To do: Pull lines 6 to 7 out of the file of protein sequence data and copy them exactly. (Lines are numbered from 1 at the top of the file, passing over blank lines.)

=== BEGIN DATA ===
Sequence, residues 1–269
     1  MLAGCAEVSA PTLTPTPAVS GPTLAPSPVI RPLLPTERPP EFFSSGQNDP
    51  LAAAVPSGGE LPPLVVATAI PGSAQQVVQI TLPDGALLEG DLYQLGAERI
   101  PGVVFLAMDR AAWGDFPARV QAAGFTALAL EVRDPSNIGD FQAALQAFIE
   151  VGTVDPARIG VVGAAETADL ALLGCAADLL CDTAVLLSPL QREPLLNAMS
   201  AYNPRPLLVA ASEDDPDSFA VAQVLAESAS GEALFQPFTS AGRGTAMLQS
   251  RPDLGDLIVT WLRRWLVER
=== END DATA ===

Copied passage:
   201  AYNPRPLLVA ASEDDPDSFA VAQVLAESAS GEALFQPFTS AGRGTAMLQS
   251  RPDLGDLIVT WLRRWLVER